Planting GE-free papayas for World Environment Day

Feature story - June 3, 2006
Farmers from Thailand and Hawaii were joined by Greenpeace volunteers today in planting 60 organic papaya trees to mark World Environment Day.

Hawaiin organic farmer, Jon Biloon (centre) shows photos of his papaya and vegetable plantation back home to an enthusiastic group of Thai organic farmers in Suphanburi.

Organic papaya seedlings.

A very healthy organic papaya in one of the farms in Suphanburi shows how Thai farmers are able to perfect a natural way of farming.

Visitors gather vegetables at an organic farm in Suphanburi. Through a combination of fruit trees, papaya, vegetables and spices Thai farmers are able to perfect the natural way of farming. Farmers from Thailand and Hawaii were joined by Greenpeace volunteers in planting 60 organic papaya trees to mark World Environment Day.

Visitors gather vegetables at an organic farm in Suphanburi.

The planting of organic papaya in Suphanburi, one of the richest agricultural lands in the Kingdom, signifies efforts by Thai farmers to keep their farms free of genetically modified organisms (GMOs) and a small gesture to follow His Majesty's self-sufficient economic philosophy.

"The attempt by corporations to take control of our food and agriculture through GMOs runs in total contradiction of the self-sufficient economy followed by many Thai farmers, which preserves our social well-being, culture, tradition and environment against short-term profits and greed being practiced by the biotechnology industry," said Patwajee Srisuwan of Greenpeace.

Papaya is one of the most important crops for people in the tropics like Hawaiians and Thais. While Hawaiians eat it as a ripe fruit, Thais use green papayas for their favourite somtam (spicy papaya salad). For centuries, both grew papayas in farms, in spaces around houses and backyards.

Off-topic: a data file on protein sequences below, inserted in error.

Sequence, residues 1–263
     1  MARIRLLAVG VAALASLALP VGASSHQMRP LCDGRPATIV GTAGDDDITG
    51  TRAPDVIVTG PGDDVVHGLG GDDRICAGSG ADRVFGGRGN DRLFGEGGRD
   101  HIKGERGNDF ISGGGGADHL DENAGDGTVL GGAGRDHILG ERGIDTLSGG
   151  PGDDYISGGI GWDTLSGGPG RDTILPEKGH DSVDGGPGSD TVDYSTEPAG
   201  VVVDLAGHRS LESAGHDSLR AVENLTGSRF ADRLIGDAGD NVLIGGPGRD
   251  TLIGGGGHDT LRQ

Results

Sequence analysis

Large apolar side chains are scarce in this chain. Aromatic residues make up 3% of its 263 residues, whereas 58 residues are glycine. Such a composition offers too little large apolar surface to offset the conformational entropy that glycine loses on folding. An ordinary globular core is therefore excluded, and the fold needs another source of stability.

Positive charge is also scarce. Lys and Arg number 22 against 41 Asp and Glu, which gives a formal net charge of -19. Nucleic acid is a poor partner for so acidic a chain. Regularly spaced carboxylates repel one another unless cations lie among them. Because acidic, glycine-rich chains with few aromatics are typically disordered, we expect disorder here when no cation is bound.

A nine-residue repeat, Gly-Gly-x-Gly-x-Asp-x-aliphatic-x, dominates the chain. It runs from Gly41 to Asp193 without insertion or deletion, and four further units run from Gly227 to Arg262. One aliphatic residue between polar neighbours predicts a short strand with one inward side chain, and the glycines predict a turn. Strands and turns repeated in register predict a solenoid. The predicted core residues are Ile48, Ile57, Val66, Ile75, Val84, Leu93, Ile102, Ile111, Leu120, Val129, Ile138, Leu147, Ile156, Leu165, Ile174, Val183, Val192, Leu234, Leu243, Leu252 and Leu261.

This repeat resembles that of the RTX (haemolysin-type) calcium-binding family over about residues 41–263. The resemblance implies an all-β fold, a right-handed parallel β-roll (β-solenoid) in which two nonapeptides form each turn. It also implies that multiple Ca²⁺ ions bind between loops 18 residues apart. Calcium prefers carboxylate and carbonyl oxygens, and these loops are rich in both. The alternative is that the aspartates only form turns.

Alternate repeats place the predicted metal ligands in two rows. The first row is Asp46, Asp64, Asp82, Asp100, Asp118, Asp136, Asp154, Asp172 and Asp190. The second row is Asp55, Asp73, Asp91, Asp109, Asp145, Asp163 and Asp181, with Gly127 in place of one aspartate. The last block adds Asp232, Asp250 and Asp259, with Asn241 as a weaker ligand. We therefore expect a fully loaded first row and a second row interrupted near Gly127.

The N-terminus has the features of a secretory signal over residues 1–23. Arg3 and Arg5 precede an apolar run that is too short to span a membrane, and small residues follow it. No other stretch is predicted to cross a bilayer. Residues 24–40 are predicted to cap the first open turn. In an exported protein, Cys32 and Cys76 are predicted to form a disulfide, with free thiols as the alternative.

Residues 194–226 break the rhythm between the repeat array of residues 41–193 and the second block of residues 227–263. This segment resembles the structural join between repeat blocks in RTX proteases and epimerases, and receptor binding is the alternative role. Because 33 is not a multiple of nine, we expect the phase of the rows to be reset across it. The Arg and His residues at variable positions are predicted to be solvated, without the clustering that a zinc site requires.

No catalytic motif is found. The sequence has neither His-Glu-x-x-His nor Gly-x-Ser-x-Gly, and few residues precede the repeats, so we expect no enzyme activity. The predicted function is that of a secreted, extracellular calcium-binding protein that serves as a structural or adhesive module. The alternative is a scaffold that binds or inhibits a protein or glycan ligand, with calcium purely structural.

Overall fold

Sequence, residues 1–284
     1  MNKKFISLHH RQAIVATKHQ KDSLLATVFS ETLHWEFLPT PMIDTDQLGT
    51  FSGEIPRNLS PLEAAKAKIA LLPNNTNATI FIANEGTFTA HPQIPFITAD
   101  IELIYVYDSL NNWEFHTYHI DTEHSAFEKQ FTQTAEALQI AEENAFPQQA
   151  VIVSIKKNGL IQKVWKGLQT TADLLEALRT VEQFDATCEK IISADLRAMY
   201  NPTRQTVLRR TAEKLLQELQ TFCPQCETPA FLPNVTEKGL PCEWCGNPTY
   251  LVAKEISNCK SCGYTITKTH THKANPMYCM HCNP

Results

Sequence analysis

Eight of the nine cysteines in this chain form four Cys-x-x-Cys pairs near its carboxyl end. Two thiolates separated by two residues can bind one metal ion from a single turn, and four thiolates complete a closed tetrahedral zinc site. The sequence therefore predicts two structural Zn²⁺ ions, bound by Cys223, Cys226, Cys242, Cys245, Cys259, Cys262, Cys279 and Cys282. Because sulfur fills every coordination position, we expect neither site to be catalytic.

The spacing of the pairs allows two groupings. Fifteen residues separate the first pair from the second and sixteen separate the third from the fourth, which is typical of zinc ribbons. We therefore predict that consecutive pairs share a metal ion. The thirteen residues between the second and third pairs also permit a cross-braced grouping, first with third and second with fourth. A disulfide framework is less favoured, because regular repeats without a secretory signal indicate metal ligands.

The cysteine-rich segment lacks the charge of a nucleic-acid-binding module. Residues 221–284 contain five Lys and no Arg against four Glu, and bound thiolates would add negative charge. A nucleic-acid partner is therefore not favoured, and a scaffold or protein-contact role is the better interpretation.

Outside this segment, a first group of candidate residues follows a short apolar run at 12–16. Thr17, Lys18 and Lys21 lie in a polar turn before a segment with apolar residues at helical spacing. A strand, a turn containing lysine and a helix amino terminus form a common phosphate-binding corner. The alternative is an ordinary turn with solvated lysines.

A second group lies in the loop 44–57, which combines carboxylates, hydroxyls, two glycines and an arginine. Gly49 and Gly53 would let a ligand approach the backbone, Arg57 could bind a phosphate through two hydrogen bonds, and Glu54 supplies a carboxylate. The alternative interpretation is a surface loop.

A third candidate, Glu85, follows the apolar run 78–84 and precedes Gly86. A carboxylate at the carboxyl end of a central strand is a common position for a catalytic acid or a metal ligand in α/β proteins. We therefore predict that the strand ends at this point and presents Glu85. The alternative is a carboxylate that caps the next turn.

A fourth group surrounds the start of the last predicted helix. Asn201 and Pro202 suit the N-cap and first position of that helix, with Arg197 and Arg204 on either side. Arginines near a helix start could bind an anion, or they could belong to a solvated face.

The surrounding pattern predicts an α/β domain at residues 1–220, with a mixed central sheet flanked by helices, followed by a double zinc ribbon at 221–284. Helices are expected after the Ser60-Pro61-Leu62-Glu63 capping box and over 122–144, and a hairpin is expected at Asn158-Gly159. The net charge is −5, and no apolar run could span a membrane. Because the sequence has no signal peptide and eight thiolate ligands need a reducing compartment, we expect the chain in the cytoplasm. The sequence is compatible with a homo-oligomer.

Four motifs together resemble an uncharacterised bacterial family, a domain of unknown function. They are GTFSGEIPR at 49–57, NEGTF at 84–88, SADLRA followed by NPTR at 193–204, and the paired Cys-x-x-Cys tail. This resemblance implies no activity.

But the fate of papayas in Hawaii and Thailand turned bad upon the arrival of GMO papaya. In Thailand, farmers and environmentalists try to cope with an ongoing contamination by GMO papaya, and the apparent inaction by the government (1). It is worse in Hawaii where production and sales of papaya nosedived since the introduction of GMO papaya because Japan, China and Europe have closed their doors against GMO papayas. Furthermore, growers of natural papayas are also facing threats on their livelihood because their farms are being contaminated too (2).

As the negative impacts of GMO papayas ravage farms in Hawaii and Thailand, farmers turn their back from GMOs and move towards natural innovations to papaya farming. In Suphanburi, Hawaiian farmers and members of Suphanburi Organic Producers Club took turns in showing their successful methods in organic and natural integrated farming.

Payong Srithong, chairman of Suphanburi Organic Producers Club, said "scientists who made the GMO papaya like to claim that there's no way to prevent the papaya ringspot virus. But the truth is that organic farming solves the ringspot virus problem and we've been doing this all along. The problem of papaya ringspot virus comes from mono-cropping. Organic farming and integrated farming allows us to use other crops to scare away insects. The planting of non_GMO papayas today is on a cooperative land which our association will look after. We'll keep records of our progress to show through this pilot plantation that organic farming can cure diseases without the need for GMOs."

On World Environment Day, farmers in Thailand and Hawaii are seeing the reality clearly: that self-sufficient farms and environments free of GMOs are worth cultivating.

Greenpeace is an independent, campaigning organization which uses non-violent, creative confrontation to expose global environmental problems, and to force the solutions which are essential to a green and peaceful future. Its mission includes the protection of Thai farms and consumers from the onslaught of GMOs which do not have proper assessment for either human food safety or environmental risks.

Ms Patwajee Srisuwan, a Greenpeace campaigner, and Dr Jiragorn Gajaseni, former Executive Director of Greenpeace Southeast Asia, are currently facing criminal charges due the their role in exposing the GMO contamination of papaya farms in Thailand. The historic GMO court trial ended on the 30 May with a verdict on the court case expected towards the end of this year.

FOR MORE INFORMATION:

Patwajee Srisuwan, Genetic Engineering campaigner, +661 381 5367

Ua-phan Chamnan-ua, Media officer, +661 928 2426

1)see Contamination by Genetically Engineered Papaya in Thailand at www.greenpeace.or.th 2)see The Failure of GE Papaya in Hawaii at www.greenpeace.or.th

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